1: A Visual Introduction to 3-D Calculus
Review key concepts from basic calculus, then immediately jump into three dimensions with a brief overview of what you'll be learning. Apply distance and midpoint formulas to three-dimensional objects in your very first of many extrapolations from two-dimensional to multidimensional calculus, and observe some of the new curiosities unique to functions of more than one variable.
2: Functions of Several Variables
What makes a function "multivariable?" Begin with definitions, and then see how these new functions behave as you apply familiar concepts of minimum and maximum values. Use graphics and other tools to observe their interactions with the xy-plane, and discover how simple functions such as y=x are interpreted differently in three-dimensional space.
3: Limits, Continuity, and Partial Derivatives
Apply fundamental definitions of calculus to multivariable functions, starting with their limits. See how these limits become complicated as you approach them, no longer just from the left or right, but from any direction and along any path. Use this to derive the definition of a versatile new tool: the partial derivative.
4: Partial Derivatives-One Variable at a Time
Deep in the realm of partial derivatives, you'll discover the new dimensions of second partial derivatives: differentiate either twice with respect to x or y, or with respect once each to x and y. Consider Laplace's equation to see what makes a function "harmonic."
5: Total Differentials and Chain Rules
Complete your introduction to partial derivatives as you combine the differential and chain rule from elementary calculus and learn how to generalize them to functions of more than one variable. See how the so-called total differential can be used to approximate ?z over small intervals without calculating the exact values.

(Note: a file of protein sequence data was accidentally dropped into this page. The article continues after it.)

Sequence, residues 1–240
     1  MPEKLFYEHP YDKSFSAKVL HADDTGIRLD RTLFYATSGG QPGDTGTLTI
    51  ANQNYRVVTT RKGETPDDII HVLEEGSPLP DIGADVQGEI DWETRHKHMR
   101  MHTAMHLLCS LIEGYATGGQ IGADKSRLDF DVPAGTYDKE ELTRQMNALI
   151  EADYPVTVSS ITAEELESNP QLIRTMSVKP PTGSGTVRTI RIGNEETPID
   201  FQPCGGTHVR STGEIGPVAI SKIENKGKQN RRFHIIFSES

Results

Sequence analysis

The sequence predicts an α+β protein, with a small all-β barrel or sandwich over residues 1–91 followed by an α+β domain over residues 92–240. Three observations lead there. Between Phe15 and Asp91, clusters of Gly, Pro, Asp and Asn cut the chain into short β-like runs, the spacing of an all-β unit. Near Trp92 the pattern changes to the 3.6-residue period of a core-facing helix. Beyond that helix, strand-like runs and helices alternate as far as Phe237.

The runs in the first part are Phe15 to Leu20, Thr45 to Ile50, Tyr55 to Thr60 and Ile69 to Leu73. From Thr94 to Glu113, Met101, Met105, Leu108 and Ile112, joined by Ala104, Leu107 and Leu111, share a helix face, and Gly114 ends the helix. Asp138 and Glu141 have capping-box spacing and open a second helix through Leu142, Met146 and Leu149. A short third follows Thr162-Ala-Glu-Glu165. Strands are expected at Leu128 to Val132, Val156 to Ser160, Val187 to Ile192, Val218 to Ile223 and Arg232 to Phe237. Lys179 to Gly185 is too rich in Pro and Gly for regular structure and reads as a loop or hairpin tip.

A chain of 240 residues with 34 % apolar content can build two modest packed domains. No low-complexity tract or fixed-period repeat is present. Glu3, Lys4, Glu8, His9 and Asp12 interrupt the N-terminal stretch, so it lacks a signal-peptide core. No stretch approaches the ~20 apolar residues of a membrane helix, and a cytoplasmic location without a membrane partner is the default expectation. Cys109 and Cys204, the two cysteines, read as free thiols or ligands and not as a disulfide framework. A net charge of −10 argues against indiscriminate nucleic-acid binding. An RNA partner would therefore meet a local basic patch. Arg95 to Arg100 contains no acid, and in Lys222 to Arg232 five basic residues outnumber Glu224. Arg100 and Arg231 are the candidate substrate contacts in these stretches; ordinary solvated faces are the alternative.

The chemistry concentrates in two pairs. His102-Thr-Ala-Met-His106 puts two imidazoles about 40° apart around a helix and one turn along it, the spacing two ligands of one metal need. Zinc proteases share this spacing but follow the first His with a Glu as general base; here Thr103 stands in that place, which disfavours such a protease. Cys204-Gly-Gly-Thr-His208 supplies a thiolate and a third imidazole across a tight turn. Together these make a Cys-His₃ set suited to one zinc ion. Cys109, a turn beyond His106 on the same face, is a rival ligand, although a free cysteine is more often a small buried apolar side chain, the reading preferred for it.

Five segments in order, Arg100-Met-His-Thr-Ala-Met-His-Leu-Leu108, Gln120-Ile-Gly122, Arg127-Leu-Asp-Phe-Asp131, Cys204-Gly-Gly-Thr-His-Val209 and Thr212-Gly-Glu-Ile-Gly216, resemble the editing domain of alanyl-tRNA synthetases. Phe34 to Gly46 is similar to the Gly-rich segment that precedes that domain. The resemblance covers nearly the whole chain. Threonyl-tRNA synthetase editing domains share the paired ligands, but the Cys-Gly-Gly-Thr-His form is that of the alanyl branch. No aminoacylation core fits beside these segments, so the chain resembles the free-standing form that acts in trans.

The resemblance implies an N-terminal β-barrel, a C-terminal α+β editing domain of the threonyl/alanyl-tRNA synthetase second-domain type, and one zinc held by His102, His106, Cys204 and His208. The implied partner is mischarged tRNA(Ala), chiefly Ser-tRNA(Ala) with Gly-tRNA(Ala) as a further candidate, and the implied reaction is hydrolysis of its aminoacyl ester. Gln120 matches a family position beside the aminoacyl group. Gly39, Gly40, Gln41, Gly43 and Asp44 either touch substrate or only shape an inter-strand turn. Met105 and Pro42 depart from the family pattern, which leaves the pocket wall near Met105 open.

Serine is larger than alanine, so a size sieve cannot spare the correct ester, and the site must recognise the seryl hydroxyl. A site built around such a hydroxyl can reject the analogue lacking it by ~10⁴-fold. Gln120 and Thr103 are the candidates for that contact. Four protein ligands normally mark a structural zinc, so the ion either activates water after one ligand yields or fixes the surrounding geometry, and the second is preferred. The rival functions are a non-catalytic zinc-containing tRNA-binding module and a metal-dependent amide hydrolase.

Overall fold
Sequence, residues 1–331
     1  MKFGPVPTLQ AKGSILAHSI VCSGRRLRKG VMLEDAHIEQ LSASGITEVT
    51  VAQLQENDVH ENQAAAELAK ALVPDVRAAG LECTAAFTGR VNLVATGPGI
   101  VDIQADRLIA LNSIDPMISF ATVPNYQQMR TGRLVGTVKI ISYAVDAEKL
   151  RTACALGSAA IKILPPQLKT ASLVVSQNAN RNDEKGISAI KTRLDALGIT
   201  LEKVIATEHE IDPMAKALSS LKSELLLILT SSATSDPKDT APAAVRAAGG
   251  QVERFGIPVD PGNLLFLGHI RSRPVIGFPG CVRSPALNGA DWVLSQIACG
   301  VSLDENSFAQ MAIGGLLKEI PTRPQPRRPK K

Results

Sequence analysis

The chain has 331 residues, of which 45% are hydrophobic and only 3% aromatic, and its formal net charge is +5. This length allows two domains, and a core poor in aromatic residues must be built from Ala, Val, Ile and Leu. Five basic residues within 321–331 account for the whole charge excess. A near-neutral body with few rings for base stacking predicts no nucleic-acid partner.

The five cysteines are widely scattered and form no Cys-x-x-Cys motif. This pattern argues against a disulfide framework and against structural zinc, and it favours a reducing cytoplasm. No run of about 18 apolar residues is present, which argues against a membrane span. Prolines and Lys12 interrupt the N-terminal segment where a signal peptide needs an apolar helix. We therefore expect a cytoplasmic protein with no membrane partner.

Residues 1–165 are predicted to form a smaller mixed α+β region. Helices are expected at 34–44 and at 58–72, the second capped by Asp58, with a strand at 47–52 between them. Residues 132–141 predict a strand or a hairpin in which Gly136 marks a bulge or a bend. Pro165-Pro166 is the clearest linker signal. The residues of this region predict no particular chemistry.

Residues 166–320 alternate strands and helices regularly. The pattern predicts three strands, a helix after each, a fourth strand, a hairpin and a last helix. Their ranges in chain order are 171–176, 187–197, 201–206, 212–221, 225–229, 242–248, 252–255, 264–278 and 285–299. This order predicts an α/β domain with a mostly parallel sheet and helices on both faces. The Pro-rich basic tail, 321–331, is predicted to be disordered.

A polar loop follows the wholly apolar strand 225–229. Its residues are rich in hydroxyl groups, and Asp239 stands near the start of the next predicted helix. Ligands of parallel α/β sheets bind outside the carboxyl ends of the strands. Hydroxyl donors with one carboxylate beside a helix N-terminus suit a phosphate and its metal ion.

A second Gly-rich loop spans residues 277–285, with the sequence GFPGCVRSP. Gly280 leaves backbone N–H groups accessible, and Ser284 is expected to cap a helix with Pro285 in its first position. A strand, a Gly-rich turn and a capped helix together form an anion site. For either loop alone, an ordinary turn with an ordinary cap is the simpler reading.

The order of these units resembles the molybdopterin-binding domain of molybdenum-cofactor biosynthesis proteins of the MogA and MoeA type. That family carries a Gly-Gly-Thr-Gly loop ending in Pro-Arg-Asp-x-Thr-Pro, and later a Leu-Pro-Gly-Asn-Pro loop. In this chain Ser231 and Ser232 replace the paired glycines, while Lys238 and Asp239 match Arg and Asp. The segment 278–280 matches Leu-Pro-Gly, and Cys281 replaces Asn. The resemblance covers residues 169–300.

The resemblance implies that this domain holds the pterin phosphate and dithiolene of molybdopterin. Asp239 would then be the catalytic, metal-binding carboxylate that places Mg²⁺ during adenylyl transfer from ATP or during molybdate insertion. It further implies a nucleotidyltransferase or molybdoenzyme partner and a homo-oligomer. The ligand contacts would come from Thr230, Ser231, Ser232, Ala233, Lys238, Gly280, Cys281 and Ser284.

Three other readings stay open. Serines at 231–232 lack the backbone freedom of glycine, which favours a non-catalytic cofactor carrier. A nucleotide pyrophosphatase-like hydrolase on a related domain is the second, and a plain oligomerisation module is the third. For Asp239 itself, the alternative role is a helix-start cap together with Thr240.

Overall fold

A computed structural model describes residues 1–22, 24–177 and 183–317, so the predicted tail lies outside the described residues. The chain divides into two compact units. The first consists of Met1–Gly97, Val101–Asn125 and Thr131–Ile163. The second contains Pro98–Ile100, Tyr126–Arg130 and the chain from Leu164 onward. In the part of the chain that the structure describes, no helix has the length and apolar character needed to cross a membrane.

6: Extrema of Functions of Two Variables
The ability to find extreme values for optimization is one of the most powerful consequences of differentiation. Begin by defining the Extreme Value theorem for multivariable functions and use it to identify relative extrema using a "second partials test"-which you may recognize as a logical extension of the "second derivative test" used in Calculus I.
7: Applications to Optimization Problems
Continue the exploration of multivariable optimization by using the Extreme Value theorem on closed and bounded regions. Find absolute minimum and maximum values across bounded regions of a function, and apply these concepts to a real-world problem: attempting to minimize the cost of a water line's construction.
8: Linear Models and Least Squares Regression
Apply techniques of optimization to curve-fitting as you explore an essential statistical tool yielded by multivariable calculus. Begin with the Least Squares Regression Line that yields the best fit to a set of points. Then, apply it to a real-life problem by using regression to approximate the annual change of a man's systolic blood pressure.
9: Vectors and the Dot Product in Space
Begin your study of vectors in three-dimensional space as you extrapolate vector notation and formulas for magnitude from the familiar equations for two dimensions. Then, equip yourself with an essential new means of notation as you learn to derive the parametric equations of a line parallel to a direction vector.
10: The Cross Product of Two Vectors in Space